One year ago yesterday, I met with my tax guy and left with a ginormous IRS bill.
Then I went to my hair stylist, hoping incorrectly that a cut and color would cheer me up after the anticipated awfulness of taxes. She couldn’t help but point out that I had lost even more hair.
The next day, I went in to an eye doctor for the first time in my life to confirm that I had gone damn near blind all of a sudden and charged $271 for my first pair of glasses, which wouldn’t come for three days.
Then, I squinted my way to the most ominous appointment of them all: my primary care doc. I knew what she was going to tell me already.
Or, at least, what she was supposed to tell me.
It was a Wednesday. I had arranged for the blood work the Friday before. I had called on Monday to get the result.
Fasting blood glucose: 260
That’s certainly nowhere near the worst I’ve seen. I was lucky to catch and respond to the symptoms early enough that I didn’t wind up in a hospital.
But, I knew what the result meant. There really wasn’t any other possibility.
I lost all faith in western medicine that day, but I already detailed that in my very first post.
I knew I had a new, terrifying, lifelong challenge called Type 1 diabetes, but my doctor didn’t. It took another two weeks before I got into an endocrinologist so that I could finally get the correct diagnosis confirmed by someone other than myself.
So, I guess my one year anniversary of my correct diagnosis isn’t until March 1st.
I’ve always been healthy. Sure, I wind up in urgent care after doing something stupid or after the flu wipes me out every other year or so, but other than that, I just went in once a year for all the regular check-ups and that was it.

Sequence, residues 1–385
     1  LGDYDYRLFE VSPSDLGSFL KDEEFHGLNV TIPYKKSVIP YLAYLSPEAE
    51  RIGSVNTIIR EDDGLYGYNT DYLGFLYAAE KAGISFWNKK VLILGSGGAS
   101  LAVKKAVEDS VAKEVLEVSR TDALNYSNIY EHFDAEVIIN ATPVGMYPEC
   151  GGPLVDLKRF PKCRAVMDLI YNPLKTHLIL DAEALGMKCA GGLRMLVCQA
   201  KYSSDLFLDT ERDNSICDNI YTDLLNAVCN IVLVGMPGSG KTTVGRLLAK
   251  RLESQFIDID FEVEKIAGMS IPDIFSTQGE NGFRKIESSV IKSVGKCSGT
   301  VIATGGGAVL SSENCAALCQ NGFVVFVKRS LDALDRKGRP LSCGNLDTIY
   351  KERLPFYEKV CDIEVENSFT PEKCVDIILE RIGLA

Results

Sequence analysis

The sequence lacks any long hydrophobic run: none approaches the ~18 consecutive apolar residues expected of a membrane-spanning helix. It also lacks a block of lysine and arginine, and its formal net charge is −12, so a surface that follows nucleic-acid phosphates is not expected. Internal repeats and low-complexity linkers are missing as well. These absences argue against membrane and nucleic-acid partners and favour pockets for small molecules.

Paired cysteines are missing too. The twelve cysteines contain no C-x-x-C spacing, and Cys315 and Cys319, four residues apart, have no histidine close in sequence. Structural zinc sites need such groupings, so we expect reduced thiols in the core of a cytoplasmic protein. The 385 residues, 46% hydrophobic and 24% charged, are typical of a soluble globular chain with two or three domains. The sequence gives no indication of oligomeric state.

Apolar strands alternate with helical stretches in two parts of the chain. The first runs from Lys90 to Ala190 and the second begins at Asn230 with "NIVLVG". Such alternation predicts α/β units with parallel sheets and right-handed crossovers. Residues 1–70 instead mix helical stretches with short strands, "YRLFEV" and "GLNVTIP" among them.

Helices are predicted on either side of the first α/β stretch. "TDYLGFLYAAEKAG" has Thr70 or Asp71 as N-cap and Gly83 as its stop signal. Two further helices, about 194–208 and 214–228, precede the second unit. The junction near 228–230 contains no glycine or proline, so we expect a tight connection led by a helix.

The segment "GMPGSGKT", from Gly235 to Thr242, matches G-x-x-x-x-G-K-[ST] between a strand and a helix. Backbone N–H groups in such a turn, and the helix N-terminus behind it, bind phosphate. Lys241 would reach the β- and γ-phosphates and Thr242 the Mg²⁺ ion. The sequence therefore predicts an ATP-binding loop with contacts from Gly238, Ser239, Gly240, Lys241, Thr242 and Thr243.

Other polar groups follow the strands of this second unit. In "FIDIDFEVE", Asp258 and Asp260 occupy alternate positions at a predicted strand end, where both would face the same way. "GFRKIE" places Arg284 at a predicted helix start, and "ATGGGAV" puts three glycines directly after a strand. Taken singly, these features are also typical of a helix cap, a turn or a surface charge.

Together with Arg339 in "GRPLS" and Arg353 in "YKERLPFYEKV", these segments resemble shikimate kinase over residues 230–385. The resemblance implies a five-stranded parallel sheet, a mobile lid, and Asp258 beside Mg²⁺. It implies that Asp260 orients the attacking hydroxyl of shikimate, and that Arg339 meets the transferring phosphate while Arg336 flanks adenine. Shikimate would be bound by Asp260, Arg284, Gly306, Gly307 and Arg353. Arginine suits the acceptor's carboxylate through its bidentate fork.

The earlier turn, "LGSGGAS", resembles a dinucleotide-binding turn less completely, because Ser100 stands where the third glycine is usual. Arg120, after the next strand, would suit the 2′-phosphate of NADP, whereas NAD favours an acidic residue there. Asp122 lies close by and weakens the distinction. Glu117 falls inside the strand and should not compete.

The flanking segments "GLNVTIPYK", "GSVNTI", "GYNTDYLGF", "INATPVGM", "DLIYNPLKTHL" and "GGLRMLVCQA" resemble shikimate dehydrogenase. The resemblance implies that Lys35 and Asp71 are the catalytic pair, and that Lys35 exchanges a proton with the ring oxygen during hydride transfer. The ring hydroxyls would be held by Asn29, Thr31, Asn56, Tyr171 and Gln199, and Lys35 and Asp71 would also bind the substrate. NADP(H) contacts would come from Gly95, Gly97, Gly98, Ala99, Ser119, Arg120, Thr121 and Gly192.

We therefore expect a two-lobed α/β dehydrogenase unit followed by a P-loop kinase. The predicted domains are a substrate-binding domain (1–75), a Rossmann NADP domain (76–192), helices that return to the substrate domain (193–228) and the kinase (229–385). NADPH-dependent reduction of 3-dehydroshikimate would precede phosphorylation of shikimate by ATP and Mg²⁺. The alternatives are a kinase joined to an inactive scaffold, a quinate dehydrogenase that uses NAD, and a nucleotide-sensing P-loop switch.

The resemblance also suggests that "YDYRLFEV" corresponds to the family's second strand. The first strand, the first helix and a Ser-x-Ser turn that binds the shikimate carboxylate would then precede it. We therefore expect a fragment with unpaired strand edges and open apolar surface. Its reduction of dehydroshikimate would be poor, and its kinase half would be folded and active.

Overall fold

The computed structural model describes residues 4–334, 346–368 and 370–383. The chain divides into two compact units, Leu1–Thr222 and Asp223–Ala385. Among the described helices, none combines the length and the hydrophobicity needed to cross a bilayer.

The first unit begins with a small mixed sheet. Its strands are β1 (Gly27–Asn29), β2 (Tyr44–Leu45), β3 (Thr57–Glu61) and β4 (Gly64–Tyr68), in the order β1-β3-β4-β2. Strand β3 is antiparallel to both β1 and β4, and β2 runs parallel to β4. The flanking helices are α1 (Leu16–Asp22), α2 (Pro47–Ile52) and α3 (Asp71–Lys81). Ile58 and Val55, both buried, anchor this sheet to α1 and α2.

Now, at the age of 30, I had a “team” of four health professionals, was injecting myself indiscriminately with insulin, and passing out in my kitchen from a hypoglycemic episode.
It wasn’t the best.
Fast forward three months…
After working with a naturopath out of Phoenix I was on top of the world. I was averaging 90 before every meal on very low doses of insulin, hiking 7-10 miles per week, my eyesight was back to normal, and my hair was coming back.
Jump ahead another three months…
I was burnt out from launching a new brand over the summer, my blood sugars were all over the place, and I stopped being as strict about my diet after a particularly indulgent surprise trip to Europe. Everything went out of whack.
I’ve been on the Type 1 roller coaster ever since.
Getting my diet, exercise and blood sugar under control for a few weeks, then losing it due to a trip, or stress, or getting sick, or some other mysterious factor I couldn’t pinpoint.
My approach to problems is to solve them. But, diabetes isn’t solvable.
It’s an ever evolving target that moves with every small shift in my life.
Nobody really gets it unless you are personally dealing with it, as a Type 1 diabetic or a caregiver. I never accepted or appreciated how incredibly hard this disease is until a solid nine months into it.